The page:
Albert J. Myer

Albert J. Myer was the creator of the Signal Corps, the founder of the United States Weather Bureau, and the namesake of Fort Myer, Virginia. 



Albert J. Myer, 1829-1880. (Library of Congress)



In the years just preceding the Civil War, Albert Myer –– who had put himself through medical school as a telegrapher, and whose doctoral thesis was titled A New Sign Language for Deaf Mutes–– served as an army surgeon on the southwestern frontier, occupying his spare time inventing a signal code for flags or torches. After successful field tests of his invention in 1859, Myer was appointed as the army’s first Chief Signal Officer.

In 1861, in the first summer of the Civil War, on the heights now known as Glover Park, Myer laid the foundation for the Army Signal Corps (which was founded, by act of Congress, on March 3, 1863).

Col. Myer was obliged to relinquish this command after incurring the displeasure of Secretary of War Edwin Stanton. In exile, Myer busied himself patenting a cipher disc, developing an interrogation protocol for deserters and refugees who came into Union lines, and marshaling political connections to argue his case. He was not restored to his post as chief signal officer until after the war. In 1866 Myer had the satisfaction of being reinstated by Stanton, and was even given control of military telegraphy, which had been the bone of contention between them.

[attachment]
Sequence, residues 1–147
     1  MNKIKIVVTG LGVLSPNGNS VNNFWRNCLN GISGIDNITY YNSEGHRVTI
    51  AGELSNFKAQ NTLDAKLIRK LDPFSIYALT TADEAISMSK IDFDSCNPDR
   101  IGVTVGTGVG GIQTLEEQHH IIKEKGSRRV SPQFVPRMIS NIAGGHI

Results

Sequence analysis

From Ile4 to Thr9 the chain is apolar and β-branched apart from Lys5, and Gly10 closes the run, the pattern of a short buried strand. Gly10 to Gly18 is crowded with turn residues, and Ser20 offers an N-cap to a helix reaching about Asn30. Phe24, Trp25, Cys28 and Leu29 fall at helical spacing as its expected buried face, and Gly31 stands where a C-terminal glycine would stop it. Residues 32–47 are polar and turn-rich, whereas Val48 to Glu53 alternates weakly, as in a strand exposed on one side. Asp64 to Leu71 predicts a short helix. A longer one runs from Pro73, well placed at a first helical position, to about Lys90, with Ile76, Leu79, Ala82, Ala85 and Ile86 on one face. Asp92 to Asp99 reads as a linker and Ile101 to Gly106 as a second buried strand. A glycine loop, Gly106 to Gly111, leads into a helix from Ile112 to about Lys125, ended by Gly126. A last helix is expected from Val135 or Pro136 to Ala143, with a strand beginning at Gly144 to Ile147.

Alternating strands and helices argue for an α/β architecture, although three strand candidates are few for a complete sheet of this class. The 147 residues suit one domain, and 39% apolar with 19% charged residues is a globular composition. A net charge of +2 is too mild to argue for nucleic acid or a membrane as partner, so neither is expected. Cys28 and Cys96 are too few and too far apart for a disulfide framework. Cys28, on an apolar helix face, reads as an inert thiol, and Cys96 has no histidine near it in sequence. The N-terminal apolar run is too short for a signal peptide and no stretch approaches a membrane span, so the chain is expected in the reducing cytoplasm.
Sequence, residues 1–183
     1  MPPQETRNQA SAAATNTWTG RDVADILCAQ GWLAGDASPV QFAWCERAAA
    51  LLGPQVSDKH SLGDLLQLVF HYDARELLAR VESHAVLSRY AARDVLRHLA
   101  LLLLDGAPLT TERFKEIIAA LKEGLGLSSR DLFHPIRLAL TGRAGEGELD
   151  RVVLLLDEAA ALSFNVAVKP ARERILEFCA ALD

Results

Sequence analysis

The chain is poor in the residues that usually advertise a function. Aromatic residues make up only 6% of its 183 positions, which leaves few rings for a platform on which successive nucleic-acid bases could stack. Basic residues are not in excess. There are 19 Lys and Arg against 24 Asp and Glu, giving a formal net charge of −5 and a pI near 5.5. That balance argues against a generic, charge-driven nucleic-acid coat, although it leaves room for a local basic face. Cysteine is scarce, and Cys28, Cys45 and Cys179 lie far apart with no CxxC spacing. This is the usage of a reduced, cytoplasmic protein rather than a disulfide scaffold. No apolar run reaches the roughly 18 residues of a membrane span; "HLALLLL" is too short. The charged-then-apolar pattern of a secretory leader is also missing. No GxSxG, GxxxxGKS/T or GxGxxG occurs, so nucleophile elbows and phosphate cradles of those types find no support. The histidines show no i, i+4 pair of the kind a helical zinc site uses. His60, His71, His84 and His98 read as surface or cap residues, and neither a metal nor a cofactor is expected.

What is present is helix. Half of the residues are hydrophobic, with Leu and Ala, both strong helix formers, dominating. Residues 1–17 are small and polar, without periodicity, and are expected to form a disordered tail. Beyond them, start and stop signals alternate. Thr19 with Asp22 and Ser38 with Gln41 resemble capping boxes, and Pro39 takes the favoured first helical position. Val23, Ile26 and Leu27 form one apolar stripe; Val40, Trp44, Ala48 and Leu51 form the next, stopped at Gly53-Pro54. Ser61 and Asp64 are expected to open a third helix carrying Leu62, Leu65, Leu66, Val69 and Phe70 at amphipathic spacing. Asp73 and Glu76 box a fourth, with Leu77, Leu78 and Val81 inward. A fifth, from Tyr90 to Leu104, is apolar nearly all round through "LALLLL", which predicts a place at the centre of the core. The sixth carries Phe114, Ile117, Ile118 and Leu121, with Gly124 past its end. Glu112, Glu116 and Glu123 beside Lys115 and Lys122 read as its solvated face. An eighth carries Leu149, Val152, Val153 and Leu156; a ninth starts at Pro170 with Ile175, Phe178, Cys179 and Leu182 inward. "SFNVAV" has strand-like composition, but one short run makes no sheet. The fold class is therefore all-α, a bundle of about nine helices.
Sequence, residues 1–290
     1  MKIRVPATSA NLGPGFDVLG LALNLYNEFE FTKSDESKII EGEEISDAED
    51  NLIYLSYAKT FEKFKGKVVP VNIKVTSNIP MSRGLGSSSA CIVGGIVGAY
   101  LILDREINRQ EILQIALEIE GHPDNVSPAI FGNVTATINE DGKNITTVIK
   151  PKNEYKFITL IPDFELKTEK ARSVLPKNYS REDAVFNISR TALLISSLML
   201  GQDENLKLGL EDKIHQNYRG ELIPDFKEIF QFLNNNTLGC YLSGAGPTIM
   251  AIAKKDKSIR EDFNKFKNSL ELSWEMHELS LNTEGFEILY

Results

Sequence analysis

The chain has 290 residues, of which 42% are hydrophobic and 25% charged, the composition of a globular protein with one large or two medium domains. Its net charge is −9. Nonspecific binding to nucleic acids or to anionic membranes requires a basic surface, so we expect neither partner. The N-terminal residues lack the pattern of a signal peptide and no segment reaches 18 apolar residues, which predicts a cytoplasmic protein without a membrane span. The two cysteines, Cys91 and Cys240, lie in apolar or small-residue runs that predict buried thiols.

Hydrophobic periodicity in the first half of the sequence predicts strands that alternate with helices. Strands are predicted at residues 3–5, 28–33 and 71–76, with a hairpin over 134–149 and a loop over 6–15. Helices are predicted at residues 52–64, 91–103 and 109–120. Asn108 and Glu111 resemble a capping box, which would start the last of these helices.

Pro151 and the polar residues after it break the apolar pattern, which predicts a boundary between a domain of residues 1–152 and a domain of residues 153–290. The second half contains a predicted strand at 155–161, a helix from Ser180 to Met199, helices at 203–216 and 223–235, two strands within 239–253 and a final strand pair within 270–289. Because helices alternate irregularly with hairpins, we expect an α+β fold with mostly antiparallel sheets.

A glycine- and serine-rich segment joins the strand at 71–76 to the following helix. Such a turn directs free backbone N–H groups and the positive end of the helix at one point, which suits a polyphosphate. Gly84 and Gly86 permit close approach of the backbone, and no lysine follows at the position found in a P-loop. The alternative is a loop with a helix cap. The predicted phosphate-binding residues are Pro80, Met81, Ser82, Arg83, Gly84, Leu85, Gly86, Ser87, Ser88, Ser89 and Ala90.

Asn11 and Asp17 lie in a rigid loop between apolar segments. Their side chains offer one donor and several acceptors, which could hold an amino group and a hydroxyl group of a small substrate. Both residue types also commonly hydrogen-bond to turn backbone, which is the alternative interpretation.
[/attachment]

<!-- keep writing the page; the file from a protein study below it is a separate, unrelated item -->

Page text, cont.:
Albert J. Myer’s cipher disk


Maj. Albert J. Myer (seated, with double row of buttons) and men detailed to the Signal Corps, Georgetown Heights, 1861.



Col. Myer, in the field. (Library of Congress)



Col. Myer (in civilian clothes, grasping the flag) at the closing of the Signal Camp of Instruction, August, 1865.



After the war the Signal Corps moved across the Potomac to Fort Whipple, where Myer created an agency, the Division of Telegrams and Reports for the Benefit of Commerce, to report weather and track storms. The weatherman’s familiar words –– “since they began keeping records in 1869” –– date from this event.

Myer’s chief electrician at the national weather service was George C. Maynard, who later became an agent for Alexander Graham Bell. Myer’s order for a telephone line between Fort Whipple and the Washington office of the Signal Corps was Maynard’s first big break, and led directly to the first telephone system in the District of Columbia, in 1877.  (Richard T. Loomis, Washington History, Fall-Winter, 2000-2001)



(Washington Star, July 24, 1884)




A plain stone memorial on the grounds of Fort Myer records the achievements of Albert J. Myer.  (






J. Willard Brown, The Signal Corps in the War of the Rebellion, 1896

Miller’s Photographic History of the Civil War, 1911

Paul Scheips, “Union Signal Communications: Innovation and Conflict”, Civil War History, Vol.IX, No.4 (December, 1963)

Paul Scheips, Albert James Myer, Founder of the Army Signal Corps: A Biographical Study, Phd. Dissertation, Ann Arbor, Michigan; American University, 1966




 Carlton Fletcher

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